This is how depression & sleep trouble are related

For me, there have always been two markers that are my “canary in a coal mine” when it comes to depression – the two factors that tell me I’m depressed even when I may not realize it right away. First is eating. Some people eat more, some stop. I’m the later. I drop weight when I am depressed.

The second, and the one I wanted to write about today, is insomnia. Simply put, when I get depressed, I have a huge problem sleeping. When I get to sleep, I usually stay asleep, but the challenge for me is that I can’t sleep when I’m depressed. I’ve never been exactly sure why. Maybe it’s because I cannot shut my mind off, or maybe it’s because there’s some unresolved conflict that is prohibiting me from sleep.

Unfortunately, I’m not the only one who gets these issues. Even more unfortunately is this: When you are depressed, you can’t sleep. And not sleeping may mean more depression.

Alright, first, the evidence. Sleep and depression are strongly connected, and it’s not just me saying that. This comes straight from the DSM-V (Diagnostic & Statistical Manual):

Insomnia (inability to get to sleep or difficulty staying asleep) or hypersomnia (sleeping too much) nearly every day

So, one of the formal criteria for diagnosing a depressive episode or illness is the above. Unfortunately, it’s a two-way street, as not getting enough sleep – or getting a poor quality of sleep – can lead to depression. From The Sleep Foundation:

The link between sleep and mood has been seen over and over by researchers and doctors. For example, people with insomnia have greater levels of depression and anxiety than those who sleep normally. They are 10 times as likely to have clinical depression and 17 times as likely to have clinical anxiety. The more a person experiences insomnia and the more frequently they wake at night as a result, the higher the chances of developing depression.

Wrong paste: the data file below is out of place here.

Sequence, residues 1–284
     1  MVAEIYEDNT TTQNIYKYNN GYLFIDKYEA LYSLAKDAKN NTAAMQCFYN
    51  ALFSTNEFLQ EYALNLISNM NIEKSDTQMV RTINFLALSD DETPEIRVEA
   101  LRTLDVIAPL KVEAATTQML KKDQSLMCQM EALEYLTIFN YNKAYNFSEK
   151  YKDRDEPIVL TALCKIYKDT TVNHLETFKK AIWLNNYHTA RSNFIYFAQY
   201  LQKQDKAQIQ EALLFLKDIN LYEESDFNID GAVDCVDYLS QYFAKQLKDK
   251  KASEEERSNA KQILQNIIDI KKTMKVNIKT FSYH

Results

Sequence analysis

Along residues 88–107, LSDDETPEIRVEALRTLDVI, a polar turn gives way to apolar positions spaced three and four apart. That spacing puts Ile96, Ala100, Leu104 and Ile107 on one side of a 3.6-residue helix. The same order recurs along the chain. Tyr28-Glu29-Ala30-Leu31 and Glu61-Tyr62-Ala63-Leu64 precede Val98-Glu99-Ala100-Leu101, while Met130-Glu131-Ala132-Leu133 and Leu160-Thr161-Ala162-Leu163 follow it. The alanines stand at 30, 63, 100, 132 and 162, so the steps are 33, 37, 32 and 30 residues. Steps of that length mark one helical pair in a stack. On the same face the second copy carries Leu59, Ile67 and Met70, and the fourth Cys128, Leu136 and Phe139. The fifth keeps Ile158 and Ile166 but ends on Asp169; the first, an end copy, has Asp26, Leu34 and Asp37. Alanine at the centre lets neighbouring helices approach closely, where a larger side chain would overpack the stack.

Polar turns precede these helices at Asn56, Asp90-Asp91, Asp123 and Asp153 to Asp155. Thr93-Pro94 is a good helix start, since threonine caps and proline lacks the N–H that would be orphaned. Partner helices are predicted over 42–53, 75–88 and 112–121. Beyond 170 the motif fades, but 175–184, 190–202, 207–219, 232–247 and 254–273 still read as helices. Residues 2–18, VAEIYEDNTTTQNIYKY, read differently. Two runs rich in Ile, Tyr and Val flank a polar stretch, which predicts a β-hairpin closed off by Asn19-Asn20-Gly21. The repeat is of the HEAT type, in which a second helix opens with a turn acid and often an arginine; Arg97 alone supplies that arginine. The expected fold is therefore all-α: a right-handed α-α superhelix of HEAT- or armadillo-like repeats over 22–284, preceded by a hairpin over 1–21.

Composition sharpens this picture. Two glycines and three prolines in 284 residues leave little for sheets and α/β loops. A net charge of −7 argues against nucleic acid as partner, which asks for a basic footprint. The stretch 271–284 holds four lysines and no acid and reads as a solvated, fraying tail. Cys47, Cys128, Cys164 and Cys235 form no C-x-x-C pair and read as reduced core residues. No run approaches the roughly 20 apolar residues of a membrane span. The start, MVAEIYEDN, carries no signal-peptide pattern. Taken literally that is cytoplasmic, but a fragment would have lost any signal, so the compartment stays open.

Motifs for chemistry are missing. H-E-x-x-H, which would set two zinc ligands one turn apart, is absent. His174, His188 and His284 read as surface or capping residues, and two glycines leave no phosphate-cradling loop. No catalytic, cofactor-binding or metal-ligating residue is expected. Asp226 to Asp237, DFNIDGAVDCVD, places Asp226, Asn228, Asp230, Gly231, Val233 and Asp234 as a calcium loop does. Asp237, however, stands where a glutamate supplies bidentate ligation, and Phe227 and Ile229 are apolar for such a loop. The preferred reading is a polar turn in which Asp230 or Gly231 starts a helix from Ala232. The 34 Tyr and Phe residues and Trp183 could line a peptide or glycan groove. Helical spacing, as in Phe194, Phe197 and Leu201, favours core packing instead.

There’s so much irony in the discussion about depression and sleep it’s ridiculous. What always frustrated me the most, however, was this: When you can’t sleep, and you are having prolonged trouble sleeping, all you can think about is how YOU CAN’T SLEEP, and this will worry you/frustrate you/depress you. This, in turn, will worry/frustrate/depress you even more, and then – you guessed it – you can’t sleep! It creates a vicious lack of sleep cycle.

Do I have any magic cure? No. Heck no. While there is plenty of advice on how to sleep when you can’t, I’ve found that everyone’s experiences are deeply personal. Related to that, I can tell a story about how I broke through my sleep issues when I was depressed. There was a period where I wouldn’t be able to sleep for 3-5 days a week. Not until 3am or so, only to become a sleepy zombie the next day and not be able to sleep at all the following night, and thus, the cycle continues.

One night, I’m in Harrisburg for session. I can’t sleep, it’s 2am and I am miserable. And I remembered something my therapist said a week or so before about how he had patients who had broken through their anxiety and phobias when they accepted the worst. And as I laid there, I said to myself, “You know what? Screw it. I’m done. I’m not gonna sleep, I’m gonna have the worst day of my life tomorrow, and then when I drive back to Allentown, I’m gonna crash the car. It’s over and I accept!!”

I slept that night.

It was an interesting moment for me, so if I have any piece of advice, it is this: When you accept the worst, you can get where you need to be.

Any thoughts, tricks or tips are appreciated! Leave them below!

2 thoughts on “This is how depression & sleep trouble are related

  1. I’m currently having my depressive episode and I’m neither eating well or sleeping well. I totally relate!


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